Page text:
I've been interested in the possibilities of crowd sourcing since I came across Louise Hawson at
After the success of her project in search of suburban beauty around Sydney, she financed an overseas trip to photograph 52 suburbs around the world by crowd-sourcing. I don't have what it takes to seek public funding for anything, but I do have what it takes to friend-source ideas. For that, all you need is a kind of laziness, a desperate need for ideas and a collection of friends with their fingers on many pulses.
My first venture was prompted by a comment from my brother-in-law when I was wondering what to do with my Broken Hill house. Renting it from 1100 kilometres away began to give me nightmares and the real estate agent didn't want to deal with it because it was too humble. I sent out an email to my network of wise ones, laying out my dilemma and asking for suggestions. This email provided me with an offer from a Broken Hill friend to paint it, or manage it, a variety of financial wisdoms, and a contact number for a potential buyer. So I sold my beloved little corrugated cottage and slept soundly again.
When I was laid up in Warsaw with an immobile leg on the fourth floor of a lift-free apartment in winter, I needed entertainment. So I asked for musical suggestions. My reliable network responded instantly, and I became acquainted with the Tallis Scholars, Joseph Tawadros and Anouar Brahem, and reacquainted with Joni Mitchell and a number of classical pieces that had slipped off my aural radar. The magic of iTunes meant I could download to my legless heart's content.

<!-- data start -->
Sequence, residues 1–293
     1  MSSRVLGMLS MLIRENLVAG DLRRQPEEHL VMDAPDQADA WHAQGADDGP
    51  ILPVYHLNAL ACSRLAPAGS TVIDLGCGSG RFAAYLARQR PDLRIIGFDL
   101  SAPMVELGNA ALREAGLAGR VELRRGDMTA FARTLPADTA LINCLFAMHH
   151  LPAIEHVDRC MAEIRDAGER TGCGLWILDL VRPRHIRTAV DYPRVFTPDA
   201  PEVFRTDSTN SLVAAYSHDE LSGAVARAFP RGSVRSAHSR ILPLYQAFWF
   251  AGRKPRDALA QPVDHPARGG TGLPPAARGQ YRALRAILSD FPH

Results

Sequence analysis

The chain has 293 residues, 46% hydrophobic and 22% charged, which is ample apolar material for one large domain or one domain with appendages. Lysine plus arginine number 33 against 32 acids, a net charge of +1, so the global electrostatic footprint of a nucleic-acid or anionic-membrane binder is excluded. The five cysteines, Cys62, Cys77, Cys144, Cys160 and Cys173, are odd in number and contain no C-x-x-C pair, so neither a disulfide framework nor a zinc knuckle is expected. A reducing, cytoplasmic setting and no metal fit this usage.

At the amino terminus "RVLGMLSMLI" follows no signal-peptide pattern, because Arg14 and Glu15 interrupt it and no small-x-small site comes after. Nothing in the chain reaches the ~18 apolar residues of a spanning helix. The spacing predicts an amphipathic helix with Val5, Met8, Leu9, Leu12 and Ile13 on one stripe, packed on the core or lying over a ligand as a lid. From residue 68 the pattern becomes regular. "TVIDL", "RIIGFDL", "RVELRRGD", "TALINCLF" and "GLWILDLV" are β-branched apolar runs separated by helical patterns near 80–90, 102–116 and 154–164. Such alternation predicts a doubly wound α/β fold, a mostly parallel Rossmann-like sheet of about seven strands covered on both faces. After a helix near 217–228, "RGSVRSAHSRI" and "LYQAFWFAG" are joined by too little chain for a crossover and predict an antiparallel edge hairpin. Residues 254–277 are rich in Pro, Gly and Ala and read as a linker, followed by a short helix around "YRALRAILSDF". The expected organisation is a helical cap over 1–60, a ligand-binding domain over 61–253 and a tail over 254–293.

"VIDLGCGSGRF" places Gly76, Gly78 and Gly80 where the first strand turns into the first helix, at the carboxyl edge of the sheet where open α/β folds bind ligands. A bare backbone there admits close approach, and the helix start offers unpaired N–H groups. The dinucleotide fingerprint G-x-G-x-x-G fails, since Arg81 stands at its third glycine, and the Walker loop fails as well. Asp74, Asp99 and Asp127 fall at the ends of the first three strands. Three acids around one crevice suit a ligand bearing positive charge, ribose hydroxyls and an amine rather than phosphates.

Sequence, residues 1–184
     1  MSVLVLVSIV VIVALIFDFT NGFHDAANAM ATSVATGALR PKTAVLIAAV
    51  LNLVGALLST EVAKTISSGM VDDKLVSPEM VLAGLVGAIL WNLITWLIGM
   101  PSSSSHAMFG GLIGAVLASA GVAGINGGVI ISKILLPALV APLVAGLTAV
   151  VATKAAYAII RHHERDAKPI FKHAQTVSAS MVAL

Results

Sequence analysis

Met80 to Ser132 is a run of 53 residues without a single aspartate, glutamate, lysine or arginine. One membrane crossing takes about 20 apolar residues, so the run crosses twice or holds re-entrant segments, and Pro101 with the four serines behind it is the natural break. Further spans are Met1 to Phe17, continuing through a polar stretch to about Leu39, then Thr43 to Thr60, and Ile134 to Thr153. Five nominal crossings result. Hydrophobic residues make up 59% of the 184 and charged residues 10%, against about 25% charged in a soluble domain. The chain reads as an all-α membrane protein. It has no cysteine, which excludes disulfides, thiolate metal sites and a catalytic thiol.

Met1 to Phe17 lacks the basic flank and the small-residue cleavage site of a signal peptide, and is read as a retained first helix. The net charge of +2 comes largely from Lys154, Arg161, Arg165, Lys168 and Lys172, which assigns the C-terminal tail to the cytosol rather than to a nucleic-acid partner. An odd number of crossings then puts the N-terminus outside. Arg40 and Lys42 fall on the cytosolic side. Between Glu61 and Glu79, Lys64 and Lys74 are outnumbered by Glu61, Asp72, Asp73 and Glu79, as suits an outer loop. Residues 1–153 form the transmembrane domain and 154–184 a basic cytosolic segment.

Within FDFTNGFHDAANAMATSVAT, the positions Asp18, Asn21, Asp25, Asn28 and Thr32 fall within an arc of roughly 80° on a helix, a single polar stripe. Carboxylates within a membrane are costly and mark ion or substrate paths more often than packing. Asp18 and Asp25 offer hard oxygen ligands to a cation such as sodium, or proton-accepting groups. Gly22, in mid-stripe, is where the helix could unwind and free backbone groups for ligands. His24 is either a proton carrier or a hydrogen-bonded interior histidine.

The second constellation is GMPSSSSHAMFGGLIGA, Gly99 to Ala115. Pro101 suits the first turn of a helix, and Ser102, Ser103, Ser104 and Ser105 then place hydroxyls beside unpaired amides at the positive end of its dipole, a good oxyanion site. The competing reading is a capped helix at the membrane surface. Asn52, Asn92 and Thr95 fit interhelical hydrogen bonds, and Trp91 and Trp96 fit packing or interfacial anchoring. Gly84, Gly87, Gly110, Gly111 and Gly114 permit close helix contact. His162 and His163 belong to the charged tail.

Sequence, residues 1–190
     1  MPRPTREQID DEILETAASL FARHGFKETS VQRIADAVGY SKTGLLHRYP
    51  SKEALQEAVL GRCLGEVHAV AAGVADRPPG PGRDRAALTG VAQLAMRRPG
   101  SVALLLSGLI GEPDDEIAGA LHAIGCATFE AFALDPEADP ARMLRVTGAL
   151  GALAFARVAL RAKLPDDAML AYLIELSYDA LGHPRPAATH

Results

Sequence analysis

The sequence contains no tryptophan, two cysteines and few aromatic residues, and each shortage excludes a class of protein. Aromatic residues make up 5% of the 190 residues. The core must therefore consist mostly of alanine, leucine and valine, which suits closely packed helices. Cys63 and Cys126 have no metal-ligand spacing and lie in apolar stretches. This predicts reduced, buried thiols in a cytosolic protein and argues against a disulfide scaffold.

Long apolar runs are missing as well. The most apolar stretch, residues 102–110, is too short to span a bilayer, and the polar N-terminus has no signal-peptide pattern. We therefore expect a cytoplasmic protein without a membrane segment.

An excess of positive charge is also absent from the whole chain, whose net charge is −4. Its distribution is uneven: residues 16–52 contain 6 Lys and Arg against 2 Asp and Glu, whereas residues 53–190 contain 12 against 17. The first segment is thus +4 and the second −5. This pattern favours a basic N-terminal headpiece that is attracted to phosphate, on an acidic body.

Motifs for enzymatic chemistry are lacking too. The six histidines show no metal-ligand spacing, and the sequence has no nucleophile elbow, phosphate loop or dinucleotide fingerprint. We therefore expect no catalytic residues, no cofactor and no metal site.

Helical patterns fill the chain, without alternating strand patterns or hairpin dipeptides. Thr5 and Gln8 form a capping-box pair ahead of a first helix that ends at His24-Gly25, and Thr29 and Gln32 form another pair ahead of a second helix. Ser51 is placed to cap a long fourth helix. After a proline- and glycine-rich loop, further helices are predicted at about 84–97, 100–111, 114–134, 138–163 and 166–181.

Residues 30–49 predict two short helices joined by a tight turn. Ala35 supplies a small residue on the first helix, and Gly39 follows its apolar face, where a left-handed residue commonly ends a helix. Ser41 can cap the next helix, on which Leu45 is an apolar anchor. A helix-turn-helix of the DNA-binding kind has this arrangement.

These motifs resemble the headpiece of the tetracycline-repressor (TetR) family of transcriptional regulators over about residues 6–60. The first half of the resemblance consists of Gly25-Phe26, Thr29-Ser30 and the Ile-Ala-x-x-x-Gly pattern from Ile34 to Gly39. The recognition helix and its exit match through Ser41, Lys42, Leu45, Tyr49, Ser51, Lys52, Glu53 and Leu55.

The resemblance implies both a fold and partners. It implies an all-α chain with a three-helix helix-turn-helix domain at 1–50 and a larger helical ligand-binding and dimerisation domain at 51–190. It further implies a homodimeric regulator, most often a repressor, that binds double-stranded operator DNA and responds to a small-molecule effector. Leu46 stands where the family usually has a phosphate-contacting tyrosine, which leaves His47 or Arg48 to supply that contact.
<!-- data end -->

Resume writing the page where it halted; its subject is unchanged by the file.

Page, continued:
My latest invocation of friend-sourcing was the other day. I woke up startled into a sitting position in the middle of the night: I'd suddenly realised that I needed presents to take overseas for 5W women who have offered to show me around Vienna and Budapest. Once upon a time I was an imaginative gift-giver, but that skill has disappeared with any semblance of youth. So once again I hit the send button on a group email. By the end of the day I was well-stocked with suggestions, business names, websites and the offer of a companion-shopper. I was shamed most by a friend currently in Laos, recently in Taiwan, who reminded me of a shop 9 km from my village. Yesterday, I made my first gift-purchase there, a locally made dyed silk scarf which weighs nothing and takes up no space, two crucial characteristics.